A 24-Year-Old Man With Down Syndrome and Shortness of Breath

Dieu-Thu Nguyen-Khoa, MD; Mona Sabeti, MD; Anh H. Au, MD


September 30, 2014

Treatment for both seminomas and nonseminomas is stage-dependent. Standard treatment for most nonseminomas is orchiectomy, potentially followed by chemotherapy with bleomycin, etoposide, and cisplatin. Retroperitoneal lymph node dissection is also a consideration in selected patients. Nonseminomas vary in prognosis, depending on the stage and the tumor marker levels at diagnosis; 56%-61% of nonseminomas have a good prognosis, with a five-year survival rate of 92%-94%. Even nonseminomas considered to have a poor prognosis, which account for 16%-26% of tumors, have a five-year survival rate of 71%.

Seminomas are initially treated with orchiectomy. Additional treatment with chemotherapy, radiation, or active surveillance is guided by stage and prognostic features at the time of diagnosis. Seminomas have an overall better prognosis when stage-matched with nonseminomas. Patients with seminomas are never categorized as having poor prognoses. Seminomas that are diagnosed in the early stages have an almost 100% cure rate, and seminomas of any stage have a cure rate of more than 90%.[2,3,4]

Most tumors recur within the first two years after treatment. Close interval follow-up with serum markers and imaging studies is recommended. The follow-up interval varies, depending on whether the tumor was seminoma or nonseminoma.[6] Some cases of later relapse are reported; lifelong periodic physical, radiologic, and laboratory examinations for these patients is reasonable.[3]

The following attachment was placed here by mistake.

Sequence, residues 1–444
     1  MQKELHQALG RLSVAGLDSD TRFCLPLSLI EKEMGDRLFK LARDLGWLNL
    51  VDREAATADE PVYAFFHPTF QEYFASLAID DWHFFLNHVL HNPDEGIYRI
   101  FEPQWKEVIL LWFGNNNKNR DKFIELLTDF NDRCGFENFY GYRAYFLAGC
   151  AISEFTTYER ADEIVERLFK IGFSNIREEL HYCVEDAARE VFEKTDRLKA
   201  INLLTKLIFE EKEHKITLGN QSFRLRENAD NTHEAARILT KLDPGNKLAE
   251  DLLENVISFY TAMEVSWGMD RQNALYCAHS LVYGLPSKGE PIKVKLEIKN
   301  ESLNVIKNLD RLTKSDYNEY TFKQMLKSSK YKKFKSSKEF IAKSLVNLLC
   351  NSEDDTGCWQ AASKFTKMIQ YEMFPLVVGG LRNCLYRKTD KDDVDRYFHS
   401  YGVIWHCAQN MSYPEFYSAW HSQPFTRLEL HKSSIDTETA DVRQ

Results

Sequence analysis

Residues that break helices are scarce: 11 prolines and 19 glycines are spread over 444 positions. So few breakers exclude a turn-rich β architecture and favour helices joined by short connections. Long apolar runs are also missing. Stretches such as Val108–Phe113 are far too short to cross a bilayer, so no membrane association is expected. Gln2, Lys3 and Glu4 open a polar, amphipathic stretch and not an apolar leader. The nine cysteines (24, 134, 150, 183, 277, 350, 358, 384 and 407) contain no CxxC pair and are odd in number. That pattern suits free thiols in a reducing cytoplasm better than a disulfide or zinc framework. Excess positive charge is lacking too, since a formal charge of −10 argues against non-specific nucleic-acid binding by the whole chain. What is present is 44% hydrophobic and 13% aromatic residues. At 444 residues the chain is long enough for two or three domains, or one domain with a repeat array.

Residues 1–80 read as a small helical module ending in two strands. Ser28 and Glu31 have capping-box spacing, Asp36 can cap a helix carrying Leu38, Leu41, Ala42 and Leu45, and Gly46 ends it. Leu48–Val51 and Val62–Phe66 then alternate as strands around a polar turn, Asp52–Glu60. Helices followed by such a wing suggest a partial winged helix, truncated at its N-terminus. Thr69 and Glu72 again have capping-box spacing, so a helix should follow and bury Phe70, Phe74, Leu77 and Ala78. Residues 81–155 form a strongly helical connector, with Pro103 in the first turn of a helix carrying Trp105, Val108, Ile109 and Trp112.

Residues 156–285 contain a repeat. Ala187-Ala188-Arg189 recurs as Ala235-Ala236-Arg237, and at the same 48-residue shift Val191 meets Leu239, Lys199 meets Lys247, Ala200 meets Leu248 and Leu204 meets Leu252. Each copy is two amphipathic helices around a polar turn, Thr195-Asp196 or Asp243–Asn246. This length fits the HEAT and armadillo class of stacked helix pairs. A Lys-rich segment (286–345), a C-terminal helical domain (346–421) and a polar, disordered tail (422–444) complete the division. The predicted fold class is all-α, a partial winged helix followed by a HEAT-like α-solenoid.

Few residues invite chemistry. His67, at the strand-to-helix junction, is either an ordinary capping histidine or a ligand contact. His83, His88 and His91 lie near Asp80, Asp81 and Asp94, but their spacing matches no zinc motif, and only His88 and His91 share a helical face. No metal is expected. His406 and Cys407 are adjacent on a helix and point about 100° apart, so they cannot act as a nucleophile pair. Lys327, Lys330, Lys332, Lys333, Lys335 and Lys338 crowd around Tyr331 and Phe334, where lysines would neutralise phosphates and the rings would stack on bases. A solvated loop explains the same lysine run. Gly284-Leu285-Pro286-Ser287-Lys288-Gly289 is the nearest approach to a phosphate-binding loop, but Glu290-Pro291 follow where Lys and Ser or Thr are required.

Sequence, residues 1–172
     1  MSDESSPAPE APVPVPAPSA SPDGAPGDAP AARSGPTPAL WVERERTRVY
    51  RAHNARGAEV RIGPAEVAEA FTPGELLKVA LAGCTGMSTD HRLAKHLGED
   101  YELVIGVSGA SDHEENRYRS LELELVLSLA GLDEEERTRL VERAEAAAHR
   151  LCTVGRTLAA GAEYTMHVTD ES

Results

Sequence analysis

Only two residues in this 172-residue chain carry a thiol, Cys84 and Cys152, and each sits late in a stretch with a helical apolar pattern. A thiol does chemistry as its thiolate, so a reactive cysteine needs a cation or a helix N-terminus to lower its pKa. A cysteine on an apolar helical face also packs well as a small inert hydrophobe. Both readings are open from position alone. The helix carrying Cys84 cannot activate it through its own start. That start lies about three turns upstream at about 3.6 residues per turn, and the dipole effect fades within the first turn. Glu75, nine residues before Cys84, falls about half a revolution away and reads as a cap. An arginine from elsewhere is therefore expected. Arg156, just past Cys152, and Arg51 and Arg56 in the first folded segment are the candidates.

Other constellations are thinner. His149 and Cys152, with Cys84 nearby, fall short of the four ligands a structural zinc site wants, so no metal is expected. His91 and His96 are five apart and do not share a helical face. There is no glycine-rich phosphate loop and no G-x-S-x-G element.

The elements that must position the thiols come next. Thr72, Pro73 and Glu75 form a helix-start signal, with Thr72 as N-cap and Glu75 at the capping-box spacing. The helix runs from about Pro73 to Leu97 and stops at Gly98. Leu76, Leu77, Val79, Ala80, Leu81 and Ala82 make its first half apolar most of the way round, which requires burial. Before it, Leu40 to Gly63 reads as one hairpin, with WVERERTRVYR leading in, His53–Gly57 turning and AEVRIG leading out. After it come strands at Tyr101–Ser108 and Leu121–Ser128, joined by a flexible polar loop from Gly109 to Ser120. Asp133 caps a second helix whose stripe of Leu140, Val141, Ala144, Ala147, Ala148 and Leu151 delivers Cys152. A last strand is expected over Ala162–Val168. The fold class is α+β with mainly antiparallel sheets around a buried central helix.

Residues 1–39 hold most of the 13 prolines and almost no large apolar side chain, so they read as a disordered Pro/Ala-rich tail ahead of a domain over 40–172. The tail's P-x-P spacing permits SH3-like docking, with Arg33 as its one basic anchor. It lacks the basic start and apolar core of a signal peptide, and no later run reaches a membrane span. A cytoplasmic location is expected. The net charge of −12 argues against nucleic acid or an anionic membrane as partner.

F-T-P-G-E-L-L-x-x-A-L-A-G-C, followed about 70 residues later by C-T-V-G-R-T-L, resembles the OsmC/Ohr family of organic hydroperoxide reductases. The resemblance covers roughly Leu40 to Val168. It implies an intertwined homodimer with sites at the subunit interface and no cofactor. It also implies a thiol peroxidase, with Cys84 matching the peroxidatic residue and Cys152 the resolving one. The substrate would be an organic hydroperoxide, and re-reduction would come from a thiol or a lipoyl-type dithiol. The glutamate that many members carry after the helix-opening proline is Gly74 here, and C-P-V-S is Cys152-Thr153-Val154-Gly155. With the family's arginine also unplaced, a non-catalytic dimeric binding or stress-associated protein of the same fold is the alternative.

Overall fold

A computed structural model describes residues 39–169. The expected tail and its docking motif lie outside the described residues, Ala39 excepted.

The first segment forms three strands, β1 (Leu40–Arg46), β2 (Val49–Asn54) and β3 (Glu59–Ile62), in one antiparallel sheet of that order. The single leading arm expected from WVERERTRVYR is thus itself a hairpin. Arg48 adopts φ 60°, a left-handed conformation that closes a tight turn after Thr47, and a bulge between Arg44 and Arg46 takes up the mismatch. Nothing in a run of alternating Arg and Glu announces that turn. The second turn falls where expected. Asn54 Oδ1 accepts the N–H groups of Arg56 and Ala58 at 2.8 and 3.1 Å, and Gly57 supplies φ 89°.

After this patient was admitted to the hospital for further evaluation, he underwent orchiectomy of his left testicle. Histopathology demonstrated a stage III nonseminomatous testicular cancer, specifically a mixed germ cell tumor consisting of embryonal carcinoma and yolk sac tumor. There was extensive necrosis and lymphovascular invasion of cancer within the left testicle. CT of the abdomen showed significant retroperitoneal lymphadenopathy that was probably causing his back pain.

The patient was treated with multiple cycles of bleomycin, etoposide, and cisplatin chemotherapy. After treatment, a repeat chest radiograph (Figure 4) and CT (not available) demonstrated near-complete resolution of his lung metastases and no residual retroperitoneal lymphadenopathy.

At the follow-up examination, the patient's serum tumor markers were noted to have improved, with an AFP of 6 ng/mL (normal range, 0-20 ng/mL), a beta-hCG < 2 mIU/mL (normal range, < 5 mIU/mL), and an LDH of 151 U/L (normal range, 98-192 U/L).


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